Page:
Bless Me, Ultima Review

Rudolfo Anaya's classic finally on the big screen

I went into this story completely blind. Despite the book seeming to enter into my life at certain times, I never read it. Most New Mexicans have read it.--- It's always been a book that's seemed to define New Mexican culture, yet I had never bothered to touch it. And, every time I did this, I felt like I was betraying my heritage. I went to see the film with my mom. Surprisingly, she'd never read it either. We were both curious about the novel, but somehow, we never got to it.

Let's just say, we were both surprised.

This is a film that New Mexico has needed for a long time. It turns state's beautiful scenery into a character―which, like the human characters, comes across as both natural and effortless.

Anaya's story is beautifully rendered. While I haven't read the book, the film's sheer devotion and solemnness suggests that writer/director Carl Franklin has honored this extraordinary story.

Focusing on Antonio, a well-mannered boy played by Luke Ganalon, the plot mimics a coming-of-age story, but with a twist. In one of the first scenes, a bully approaches the diminutive Antonio―who, surprisingly, tackles him and immediately gains respect. Already, Anaya and Franklin are flipping the switch on us: This isn't a clichéd tale of a boy trying to become a man. It's a story of a boy trying to decipher the mysteries of the world. The whys and hows are most important to him. This is a kid who has guts.

Antonio is reluctant to meet his abuela, Ultima, played by the captivating Miriam Colón. To say that she gives the film an extra boost is a complete understatement. Slowly, during her stay with his family, Ultima gravitates toward Antonio. She sees that he is brave, and loves his family. Eventually, she reveals herself to be a witch of sorts, except that she uses her magic exclusively for healing and defending the ones she loves.

Colon's somber face and powerful confidence move the film in strides. Her character combines the realism of a weary grandmother who has faced more than her share of life's trials―along with the seeming reality of her being an actual witch. It's never fully expanded on, yet we believe it.

What makes the film so calming―and ties its characters so inextricably to setting and place―is Ultima's close affinity for nature. Antonio, in turn, looks up to her, respects her and even aids her in helping someone heal. He gives in to the light he sees in her. The scene in which Antonio helps Ultima is one filled with great suspense and horror, but also relief.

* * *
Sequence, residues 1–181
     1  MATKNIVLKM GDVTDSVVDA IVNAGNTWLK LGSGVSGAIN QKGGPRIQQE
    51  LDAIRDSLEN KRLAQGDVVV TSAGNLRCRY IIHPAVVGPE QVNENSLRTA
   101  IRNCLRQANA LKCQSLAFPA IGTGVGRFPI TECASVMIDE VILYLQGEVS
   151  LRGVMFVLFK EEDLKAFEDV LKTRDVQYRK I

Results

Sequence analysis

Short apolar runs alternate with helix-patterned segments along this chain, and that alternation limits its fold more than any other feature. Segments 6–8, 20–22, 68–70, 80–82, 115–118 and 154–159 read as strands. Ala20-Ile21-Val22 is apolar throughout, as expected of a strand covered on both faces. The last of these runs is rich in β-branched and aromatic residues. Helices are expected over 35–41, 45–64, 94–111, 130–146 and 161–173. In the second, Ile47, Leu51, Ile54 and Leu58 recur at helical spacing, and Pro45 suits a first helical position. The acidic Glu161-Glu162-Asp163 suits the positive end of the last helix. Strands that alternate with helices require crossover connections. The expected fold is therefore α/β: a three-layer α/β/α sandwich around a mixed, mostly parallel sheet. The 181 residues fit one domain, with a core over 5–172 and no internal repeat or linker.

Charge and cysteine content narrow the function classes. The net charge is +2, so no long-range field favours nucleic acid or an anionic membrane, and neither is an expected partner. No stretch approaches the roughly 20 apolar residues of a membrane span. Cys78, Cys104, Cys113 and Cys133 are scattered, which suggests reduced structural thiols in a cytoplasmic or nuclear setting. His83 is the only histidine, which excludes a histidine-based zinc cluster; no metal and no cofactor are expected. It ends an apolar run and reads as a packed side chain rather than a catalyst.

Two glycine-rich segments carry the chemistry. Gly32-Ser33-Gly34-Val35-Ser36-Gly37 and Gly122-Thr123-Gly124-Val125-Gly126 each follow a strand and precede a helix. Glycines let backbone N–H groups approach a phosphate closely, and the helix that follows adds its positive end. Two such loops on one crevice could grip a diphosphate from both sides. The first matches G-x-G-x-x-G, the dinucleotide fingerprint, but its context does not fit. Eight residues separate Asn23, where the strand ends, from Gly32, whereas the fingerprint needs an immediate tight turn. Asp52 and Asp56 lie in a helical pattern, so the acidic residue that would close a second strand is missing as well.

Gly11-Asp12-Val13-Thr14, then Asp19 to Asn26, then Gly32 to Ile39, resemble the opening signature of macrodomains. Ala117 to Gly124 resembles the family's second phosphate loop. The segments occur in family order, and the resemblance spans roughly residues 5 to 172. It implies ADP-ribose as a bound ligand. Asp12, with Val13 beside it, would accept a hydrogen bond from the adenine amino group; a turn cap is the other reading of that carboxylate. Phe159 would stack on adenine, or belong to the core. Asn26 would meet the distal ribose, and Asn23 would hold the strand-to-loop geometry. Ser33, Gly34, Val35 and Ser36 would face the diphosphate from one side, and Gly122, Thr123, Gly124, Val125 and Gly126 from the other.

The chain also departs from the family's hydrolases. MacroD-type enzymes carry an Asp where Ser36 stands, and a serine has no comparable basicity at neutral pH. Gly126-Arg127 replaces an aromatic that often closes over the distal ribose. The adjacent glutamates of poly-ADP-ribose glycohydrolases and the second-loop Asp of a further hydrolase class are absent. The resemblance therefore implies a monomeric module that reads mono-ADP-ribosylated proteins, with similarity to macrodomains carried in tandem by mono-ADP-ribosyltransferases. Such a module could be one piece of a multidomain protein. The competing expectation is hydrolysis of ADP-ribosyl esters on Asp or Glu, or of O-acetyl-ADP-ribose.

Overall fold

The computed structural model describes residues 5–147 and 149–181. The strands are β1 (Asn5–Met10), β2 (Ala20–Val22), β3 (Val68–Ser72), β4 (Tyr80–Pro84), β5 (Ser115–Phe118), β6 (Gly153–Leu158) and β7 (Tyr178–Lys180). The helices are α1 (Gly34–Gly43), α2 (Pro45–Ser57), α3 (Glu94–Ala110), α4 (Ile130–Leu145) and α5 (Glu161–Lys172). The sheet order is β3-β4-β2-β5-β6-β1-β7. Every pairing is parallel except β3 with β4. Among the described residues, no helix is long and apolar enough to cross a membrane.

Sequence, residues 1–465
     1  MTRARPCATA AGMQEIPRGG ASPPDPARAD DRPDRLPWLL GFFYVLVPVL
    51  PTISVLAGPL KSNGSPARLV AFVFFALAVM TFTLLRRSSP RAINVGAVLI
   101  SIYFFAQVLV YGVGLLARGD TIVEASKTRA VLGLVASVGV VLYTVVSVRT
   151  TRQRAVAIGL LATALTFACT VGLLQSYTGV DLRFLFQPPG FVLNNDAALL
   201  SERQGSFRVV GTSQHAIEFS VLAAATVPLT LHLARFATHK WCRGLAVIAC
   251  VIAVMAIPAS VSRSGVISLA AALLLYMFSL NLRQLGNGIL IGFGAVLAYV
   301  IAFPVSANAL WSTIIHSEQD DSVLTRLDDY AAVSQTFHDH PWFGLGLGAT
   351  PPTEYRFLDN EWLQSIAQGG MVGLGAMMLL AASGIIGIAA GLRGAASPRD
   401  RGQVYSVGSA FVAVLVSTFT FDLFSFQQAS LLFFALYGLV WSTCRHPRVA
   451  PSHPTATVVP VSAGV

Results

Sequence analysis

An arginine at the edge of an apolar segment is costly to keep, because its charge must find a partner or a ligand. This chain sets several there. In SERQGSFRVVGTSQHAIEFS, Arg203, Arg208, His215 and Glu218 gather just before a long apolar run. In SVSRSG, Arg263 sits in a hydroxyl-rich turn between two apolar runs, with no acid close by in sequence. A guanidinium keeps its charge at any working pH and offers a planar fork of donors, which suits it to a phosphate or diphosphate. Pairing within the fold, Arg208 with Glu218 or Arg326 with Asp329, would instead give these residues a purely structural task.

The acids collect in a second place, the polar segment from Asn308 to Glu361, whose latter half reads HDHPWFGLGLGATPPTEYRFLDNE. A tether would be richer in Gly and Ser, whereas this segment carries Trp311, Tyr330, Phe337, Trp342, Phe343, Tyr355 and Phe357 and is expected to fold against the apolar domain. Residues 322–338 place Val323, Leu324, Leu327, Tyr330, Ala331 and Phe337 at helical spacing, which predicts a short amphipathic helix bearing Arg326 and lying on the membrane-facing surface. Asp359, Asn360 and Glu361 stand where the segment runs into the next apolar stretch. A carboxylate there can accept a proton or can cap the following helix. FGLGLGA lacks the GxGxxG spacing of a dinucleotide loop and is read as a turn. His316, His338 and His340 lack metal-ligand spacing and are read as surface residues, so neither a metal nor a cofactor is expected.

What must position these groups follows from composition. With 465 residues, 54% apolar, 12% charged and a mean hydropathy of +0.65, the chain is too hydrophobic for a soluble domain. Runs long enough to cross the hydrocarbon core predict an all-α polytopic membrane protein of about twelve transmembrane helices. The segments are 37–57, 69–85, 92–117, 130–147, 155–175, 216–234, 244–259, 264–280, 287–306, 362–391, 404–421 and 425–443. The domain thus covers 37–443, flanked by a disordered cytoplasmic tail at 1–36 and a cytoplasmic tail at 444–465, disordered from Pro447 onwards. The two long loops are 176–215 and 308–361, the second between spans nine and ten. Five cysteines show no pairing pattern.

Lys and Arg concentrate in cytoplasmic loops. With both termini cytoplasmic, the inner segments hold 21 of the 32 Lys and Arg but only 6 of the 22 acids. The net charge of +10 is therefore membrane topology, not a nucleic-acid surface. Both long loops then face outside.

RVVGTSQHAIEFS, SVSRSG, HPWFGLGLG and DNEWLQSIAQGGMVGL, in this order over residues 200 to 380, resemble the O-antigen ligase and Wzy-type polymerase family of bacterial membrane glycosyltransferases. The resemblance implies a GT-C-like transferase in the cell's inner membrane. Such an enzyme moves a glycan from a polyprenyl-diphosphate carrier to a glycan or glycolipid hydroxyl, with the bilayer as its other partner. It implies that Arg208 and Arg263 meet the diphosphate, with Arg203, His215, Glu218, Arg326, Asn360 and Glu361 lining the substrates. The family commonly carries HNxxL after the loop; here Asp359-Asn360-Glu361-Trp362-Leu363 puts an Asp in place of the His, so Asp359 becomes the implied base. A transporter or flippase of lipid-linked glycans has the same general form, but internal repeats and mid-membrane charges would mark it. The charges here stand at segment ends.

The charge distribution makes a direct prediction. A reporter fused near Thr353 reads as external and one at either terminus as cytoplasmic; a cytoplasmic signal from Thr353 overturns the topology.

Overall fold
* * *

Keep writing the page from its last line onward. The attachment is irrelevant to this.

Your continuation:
Over the course of the film, many different genres meld into one. Antonio experiences frightening moments of consciousness and fear of the unknown with an unforced realism that draws viewers in.

There are moments of utter hilarity involving the boys that Antonio befriends, as well as poignant moments of  religious discussion.

Anaya deserves the credit for this compelling story, but Franklin, too, has found a perfect balance in what is at once a family drama, a child's story and a supernatural thriller.

The film's only possible flaw is the narration by an an older version of Antonio, which at times feels forced―but that's a minor point. From now until the end of my life, I will hold this film close to my heart. It's an effective combination of religious beliefs and witchcraft, which I thought wouldn't be able to exist in the same story. It's also a frank discussion of what it means to believe in God.

Now, I understand why New Mexicans are so proud of this story. It's one that I will suggest to people who have never heard of New Mexico—and to the family I hope to have in the future. This will be a mandatory watch.

Regal Santa Fe Stadium 14, PG-13, 105 min.

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